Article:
How the Division Between HR, Legal and Procurement Can Lead to Contractor Misclassification


In honor of President’s Day 2016, let us quote America’s 16th president, Abraham Lincoln who spoke of the schism between pro and anti-slavery forces in 1858. Lincoln’s famous speech contained the line, “A house divided against itself cannot stand”. This sentiment could easily be applied today to the often conflicting priorities that hold the potential to expose an organization to contractor misclassification risks.

The conflicting priorities we’re talking about today are those which exist between the Procurement, Legal and Human Resources departments within many organizations. This is a dynamic encountered often by nextSource in its interactions with customers working to design and deploy best practices for workforce management. Does the following conversation sound familiar within your organization?

Paulie in Procurement: The top priority with respect to any spend related to workforce management is finding the best possible price.

Louise in Legal: Price is certainly an important consideration, but exposure to risk trumps price and if a higher cost resource comes with a lower risk profile, the selection should always lean toward risk mitigation.

Harold in HR: Quality talent is essential to the success of my workforce plan and I am willing to pay a premium for it. We’ll just leave compliance to the staffing agency or MSP.

The conversation between Paulie, Louise and Harold can quickly become circular, with each person holding fast to their position. In the meantime, as this internal struggle continues to stalemate, what can be done to balance the competing needs in such a way as to avoid worker misclassification; the one common liability shared by all three functional groups?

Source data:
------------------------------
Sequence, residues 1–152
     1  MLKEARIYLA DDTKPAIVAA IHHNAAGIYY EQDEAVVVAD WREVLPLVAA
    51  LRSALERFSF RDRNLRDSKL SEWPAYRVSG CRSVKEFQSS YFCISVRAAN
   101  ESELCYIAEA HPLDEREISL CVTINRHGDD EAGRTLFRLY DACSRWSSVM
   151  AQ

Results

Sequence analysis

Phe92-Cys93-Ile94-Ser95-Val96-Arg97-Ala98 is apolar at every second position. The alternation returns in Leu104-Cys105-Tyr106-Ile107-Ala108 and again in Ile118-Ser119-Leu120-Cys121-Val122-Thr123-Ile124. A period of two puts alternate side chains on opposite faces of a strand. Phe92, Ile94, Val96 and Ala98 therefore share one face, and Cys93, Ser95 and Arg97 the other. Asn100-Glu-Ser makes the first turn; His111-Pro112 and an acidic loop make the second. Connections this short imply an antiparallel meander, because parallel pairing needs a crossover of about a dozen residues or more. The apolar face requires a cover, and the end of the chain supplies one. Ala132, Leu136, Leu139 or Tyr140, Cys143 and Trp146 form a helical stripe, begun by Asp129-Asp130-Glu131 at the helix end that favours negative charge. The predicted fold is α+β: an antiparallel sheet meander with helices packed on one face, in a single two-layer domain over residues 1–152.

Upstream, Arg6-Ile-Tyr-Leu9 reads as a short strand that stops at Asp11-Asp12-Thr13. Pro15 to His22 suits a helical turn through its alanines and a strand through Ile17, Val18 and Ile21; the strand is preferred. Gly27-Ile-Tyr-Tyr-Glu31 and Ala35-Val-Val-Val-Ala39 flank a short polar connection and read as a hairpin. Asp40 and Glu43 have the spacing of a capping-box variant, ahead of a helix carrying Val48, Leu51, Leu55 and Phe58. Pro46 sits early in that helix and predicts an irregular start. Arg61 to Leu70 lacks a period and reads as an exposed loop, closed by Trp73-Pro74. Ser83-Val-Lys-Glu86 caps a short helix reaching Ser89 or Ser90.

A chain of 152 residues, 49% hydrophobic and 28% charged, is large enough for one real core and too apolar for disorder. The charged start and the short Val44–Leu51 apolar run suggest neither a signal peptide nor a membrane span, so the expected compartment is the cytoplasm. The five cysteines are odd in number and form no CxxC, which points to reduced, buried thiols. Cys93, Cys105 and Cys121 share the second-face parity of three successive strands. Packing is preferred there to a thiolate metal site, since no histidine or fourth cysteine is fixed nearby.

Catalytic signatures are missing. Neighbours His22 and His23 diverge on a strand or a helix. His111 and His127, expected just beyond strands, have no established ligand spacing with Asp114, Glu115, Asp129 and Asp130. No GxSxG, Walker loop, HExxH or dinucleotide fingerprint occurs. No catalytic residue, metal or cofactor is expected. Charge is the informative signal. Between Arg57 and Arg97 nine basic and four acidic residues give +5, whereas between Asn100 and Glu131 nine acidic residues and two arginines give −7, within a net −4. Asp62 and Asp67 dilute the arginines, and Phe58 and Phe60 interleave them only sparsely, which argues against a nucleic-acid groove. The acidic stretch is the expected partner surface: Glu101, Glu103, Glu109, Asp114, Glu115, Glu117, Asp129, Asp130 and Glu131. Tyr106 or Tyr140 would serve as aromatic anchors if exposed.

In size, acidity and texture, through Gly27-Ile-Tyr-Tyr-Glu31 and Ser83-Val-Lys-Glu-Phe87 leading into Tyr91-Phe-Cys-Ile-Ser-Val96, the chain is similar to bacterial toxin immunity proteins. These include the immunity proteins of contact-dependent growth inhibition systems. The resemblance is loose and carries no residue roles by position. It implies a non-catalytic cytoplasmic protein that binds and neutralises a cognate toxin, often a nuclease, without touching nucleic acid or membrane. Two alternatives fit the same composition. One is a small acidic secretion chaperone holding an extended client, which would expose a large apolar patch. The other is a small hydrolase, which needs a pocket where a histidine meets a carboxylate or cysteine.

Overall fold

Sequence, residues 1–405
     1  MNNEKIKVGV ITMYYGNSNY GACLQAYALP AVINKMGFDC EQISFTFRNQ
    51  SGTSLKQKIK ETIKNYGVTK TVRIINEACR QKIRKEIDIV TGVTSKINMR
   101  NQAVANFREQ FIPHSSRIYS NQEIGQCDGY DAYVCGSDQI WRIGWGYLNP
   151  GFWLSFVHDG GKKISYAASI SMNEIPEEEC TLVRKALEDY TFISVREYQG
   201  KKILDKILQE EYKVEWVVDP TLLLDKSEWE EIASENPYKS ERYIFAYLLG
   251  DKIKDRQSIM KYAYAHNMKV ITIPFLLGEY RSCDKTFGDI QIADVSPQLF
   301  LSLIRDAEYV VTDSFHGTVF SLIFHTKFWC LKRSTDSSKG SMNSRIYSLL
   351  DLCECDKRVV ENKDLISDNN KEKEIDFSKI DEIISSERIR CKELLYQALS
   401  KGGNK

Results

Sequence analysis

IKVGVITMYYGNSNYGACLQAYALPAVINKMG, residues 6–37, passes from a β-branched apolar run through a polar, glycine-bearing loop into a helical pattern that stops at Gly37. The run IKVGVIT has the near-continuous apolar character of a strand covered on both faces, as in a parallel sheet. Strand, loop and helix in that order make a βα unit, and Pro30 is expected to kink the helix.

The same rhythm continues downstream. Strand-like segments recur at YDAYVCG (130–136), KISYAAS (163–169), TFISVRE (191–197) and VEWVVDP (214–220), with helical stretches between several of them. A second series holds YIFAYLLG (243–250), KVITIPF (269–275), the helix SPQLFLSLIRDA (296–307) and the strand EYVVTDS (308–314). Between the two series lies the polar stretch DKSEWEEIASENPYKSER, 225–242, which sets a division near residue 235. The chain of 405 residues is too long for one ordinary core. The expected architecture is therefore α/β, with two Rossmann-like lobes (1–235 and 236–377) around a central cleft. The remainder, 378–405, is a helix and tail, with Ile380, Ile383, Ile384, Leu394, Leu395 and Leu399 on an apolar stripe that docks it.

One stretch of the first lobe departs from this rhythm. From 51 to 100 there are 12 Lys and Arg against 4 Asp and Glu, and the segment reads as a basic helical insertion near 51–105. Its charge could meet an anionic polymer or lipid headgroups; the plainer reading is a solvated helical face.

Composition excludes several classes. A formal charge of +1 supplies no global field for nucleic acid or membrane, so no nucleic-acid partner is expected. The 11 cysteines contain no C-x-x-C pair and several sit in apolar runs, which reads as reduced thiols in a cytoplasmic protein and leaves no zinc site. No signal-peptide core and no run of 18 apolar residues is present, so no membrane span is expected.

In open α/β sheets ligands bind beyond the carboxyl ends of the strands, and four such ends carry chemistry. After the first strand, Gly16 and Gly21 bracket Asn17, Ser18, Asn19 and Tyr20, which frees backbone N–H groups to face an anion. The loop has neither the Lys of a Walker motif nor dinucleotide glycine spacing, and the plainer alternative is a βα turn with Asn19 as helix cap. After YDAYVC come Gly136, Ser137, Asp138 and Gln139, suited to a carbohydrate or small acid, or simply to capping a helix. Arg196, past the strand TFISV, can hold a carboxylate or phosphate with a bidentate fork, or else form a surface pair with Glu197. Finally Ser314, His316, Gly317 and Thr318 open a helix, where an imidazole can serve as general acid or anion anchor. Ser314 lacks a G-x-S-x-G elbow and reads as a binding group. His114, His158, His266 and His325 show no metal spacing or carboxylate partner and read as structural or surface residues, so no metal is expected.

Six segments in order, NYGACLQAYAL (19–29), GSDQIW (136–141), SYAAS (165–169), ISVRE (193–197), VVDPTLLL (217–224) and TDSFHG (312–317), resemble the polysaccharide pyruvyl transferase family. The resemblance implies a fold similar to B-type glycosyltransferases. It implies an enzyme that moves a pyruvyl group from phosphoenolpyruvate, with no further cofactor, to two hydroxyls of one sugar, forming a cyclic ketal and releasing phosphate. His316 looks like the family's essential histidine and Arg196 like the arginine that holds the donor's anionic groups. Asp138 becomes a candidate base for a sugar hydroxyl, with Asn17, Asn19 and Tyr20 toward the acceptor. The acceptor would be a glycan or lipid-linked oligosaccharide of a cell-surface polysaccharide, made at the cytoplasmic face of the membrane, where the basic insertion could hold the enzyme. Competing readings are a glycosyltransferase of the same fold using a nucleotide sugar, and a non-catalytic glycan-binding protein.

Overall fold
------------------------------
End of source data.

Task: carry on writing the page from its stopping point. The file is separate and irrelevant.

First, a savvy workforce management professional can work towards creation of a cross functional governance team with representation from HR, Procurement and Legal.  The governance committee must convene to agree upon definitions, assessment of the current state of workforce management and also the associated gaps and risks they may identify.

Next steps involve determining the ideal desired state of workforce management practices and processes, keeping in mind the need for balancing the requirements for specialized talent, at the right price within the organization’s risk tolerance.

Armed with the consensus they’ve developed, the governance committee can then work on selecting an appropriate 3rd party, specializing in contingent workforce management and Independent contractor evaluation, to outsource the associated tasks.

Among the chief benefits of engaging a third party provider is the fact that the neutral provider will be able to identify risk and jointly represent the client should an audit occur.

Don’t let internal divisions be a liability that leads to costly misclassification fines and penalties.

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